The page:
Knowing Body, Moving Mind

Ritualizing and Learning at Two Buddhist Centers
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ISBN-13:
9780199911363
Einband:
EPUB
Seiten:
0
Autor:
Patricia Q Campbell
Serie:
Oxford Ritual Studies
eBook Typ:
Adobe Digital Editions
eBook Format:
EPUB
Kopierschutz:
Adobe DRM [Hard-DRM]
Sprache:
Englisch
Beschreibung:

Knowing Body, Moving Mind investigates ritualizing and learning in introductory meditation classes at two Buddhist centers in Toronto, Canada. The centers, Friends of the Heart and Chandrakirti, are led and attended by Western (sometimes called "e;convert') Buddhists: that is, people from non-Buddhist familial and cultural backgrounds. Inspired by theories that suggest that rituals impart new knowledge or understanding, Patricia Campbell examines how introductory meditation students learn through formal Buddhist practice. Along the way, she also explores practitioners' reasons for enrolling in meditation classes, their interests in Buddhism, and their responses to formal Buddhist practices and to ritual in general. Based on ethnographic interviews and participant-observation fieldwork, the text follows interview participants' reflections on what they learned in meditation classes and through personal practice, and what roles meditation and other ritual practices played in that learning. Participants' learning experiences are illuminated by an influential learning theory called Bloom's Taxonomy, while the rites and practices taught and performed at the centers are explored using performance theory, a method which focuses on the performative elements of ritual's postures and gestures. But the study expands the performance framework as well, by demonstrating that performative ritualizing includes the concentration techniques that take place in a meditator's mind. Such techniques are received as traditional mental acts or behaviors that are standardized, repetitively performed, and variously regarded as special, elevated, spiritual or religious. Having established a link between mental and physical forms of ritualizing, the study then demonstrates that the repetitive mental techniques of meditation practice train the mind to develop new skills in the same way that physical postures and gestures train the body. The mind is thus experienced as both embodied and gestural, and the whole of the body as socially and ritually informed.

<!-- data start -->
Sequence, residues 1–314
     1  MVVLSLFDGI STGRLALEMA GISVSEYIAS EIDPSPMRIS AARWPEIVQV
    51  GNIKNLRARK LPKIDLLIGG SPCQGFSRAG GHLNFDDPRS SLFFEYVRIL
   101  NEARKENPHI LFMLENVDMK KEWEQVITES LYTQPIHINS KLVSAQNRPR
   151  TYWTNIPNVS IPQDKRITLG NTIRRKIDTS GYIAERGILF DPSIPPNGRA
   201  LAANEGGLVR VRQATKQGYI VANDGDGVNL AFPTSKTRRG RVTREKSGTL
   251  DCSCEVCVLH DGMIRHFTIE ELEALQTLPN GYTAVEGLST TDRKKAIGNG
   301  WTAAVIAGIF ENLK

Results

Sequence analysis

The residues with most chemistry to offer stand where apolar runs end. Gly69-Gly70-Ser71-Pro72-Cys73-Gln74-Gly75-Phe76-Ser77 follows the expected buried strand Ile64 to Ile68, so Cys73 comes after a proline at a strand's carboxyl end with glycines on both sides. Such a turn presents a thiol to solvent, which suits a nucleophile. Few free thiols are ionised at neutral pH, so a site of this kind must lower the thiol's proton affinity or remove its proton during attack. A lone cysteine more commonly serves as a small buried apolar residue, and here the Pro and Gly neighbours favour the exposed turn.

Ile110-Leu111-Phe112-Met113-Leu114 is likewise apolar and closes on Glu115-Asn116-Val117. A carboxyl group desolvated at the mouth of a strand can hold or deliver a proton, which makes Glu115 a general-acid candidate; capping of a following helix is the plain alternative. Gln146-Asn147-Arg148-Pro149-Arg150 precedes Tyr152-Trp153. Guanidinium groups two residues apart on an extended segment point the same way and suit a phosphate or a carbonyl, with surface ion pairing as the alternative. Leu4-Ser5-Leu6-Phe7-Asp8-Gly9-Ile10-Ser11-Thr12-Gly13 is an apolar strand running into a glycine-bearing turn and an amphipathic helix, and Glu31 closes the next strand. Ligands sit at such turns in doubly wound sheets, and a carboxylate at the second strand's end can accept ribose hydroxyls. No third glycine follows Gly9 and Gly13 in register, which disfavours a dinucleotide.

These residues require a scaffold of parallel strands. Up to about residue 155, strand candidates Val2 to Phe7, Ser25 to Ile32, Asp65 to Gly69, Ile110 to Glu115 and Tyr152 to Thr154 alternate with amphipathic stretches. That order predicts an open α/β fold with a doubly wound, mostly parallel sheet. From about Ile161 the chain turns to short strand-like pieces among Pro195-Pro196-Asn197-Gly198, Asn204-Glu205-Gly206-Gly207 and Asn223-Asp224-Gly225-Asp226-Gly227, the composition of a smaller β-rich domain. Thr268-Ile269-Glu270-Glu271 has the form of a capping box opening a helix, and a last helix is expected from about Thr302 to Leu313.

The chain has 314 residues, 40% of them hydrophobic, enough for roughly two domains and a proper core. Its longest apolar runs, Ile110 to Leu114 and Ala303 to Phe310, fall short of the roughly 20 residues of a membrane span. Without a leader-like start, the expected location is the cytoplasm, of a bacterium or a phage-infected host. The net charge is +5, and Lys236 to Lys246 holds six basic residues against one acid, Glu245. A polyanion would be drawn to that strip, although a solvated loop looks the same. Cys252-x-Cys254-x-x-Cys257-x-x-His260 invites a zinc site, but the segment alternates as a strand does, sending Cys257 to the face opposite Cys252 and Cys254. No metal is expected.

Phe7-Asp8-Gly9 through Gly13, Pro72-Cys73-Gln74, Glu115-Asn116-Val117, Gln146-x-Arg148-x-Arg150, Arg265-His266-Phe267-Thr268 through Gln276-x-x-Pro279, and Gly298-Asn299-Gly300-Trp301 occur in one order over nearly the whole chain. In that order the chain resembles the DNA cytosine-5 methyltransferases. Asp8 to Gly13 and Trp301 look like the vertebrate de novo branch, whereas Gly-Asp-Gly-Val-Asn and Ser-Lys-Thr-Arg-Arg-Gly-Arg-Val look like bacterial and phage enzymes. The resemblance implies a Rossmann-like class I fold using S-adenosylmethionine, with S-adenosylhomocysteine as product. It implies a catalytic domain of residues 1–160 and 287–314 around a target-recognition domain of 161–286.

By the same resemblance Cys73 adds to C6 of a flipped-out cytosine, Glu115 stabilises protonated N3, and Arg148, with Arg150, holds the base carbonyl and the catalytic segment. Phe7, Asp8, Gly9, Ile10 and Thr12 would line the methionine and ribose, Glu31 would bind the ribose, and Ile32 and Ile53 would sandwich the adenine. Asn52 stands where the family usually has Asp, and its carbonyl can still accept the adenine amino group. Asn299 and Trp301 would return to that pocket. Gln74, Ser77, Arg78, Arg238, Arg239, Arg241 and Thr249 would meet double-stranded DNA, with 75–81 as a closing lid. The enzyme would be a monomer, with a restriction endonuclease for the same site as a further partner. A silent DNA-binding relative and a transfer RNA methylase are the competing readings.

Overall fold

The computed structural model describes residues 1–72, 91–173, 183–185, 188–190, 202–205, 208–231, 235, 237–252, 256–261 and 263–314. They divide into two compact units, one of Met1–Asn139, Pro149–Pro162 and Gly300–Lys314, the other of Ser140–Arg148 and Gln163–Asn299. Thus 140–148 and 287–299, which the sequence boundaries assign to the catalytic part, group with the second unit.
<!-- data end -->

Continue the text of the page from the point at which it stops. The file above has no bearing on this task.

Knowing Body, Moving Mind investigates ritualizing and learning in introductory meditation classes at two Buddhist centers in Toronto, Canada. The centers, Friends of the Heart and Chandrakirti, are led and attended by Western (sometimes called "e;convert') Buddhists: that is, people from non-Buddhist familial and cultural backgrounds. Inspired by theories that suggest that rituals impart new knowledge or understanding, Patricia Campbell examines how introductory meditation students learn through formal Buddhist practice. Along the way, she also explores practitioners' reasons for enrolling in meditation classes, their interests in Buddhism, and their responses to formal Buddhist practices and to ritual in general. Based on ethnographic interviews and participant-observation fieldwork, the text follows interview participants' reflections on what they learned in meditation classes and through personal practice, and what roles meditation and other ritual practices played in that learning. Participants' learning experiences are illuminated by an influential learning theory called Bloom's Taxonomy, while the rites and practices taught and performed at the centers are explored using performance theory, a method which focuses on the performative elements of ritual's postures and gestures. But the study expands the performance framework as well, by demonstrating that performative ritualizing includes the concentration techniques that take place in a meditator's mind. Such techniques are received as traditional mental acts or behaviors that are standardized, repetitively performed, and variously regarded as special, elevated, spiritual or religious. Having established a link between mental and physical forms of ritualizing, the study then demonstrates that the repetitive mental techniques of meditation practice train the mind to develop new skills in the same way that physical postures and gestures train the body. The mind is thus experienced as both embodied and gestural, and the whole of the body as socially and ritually informed.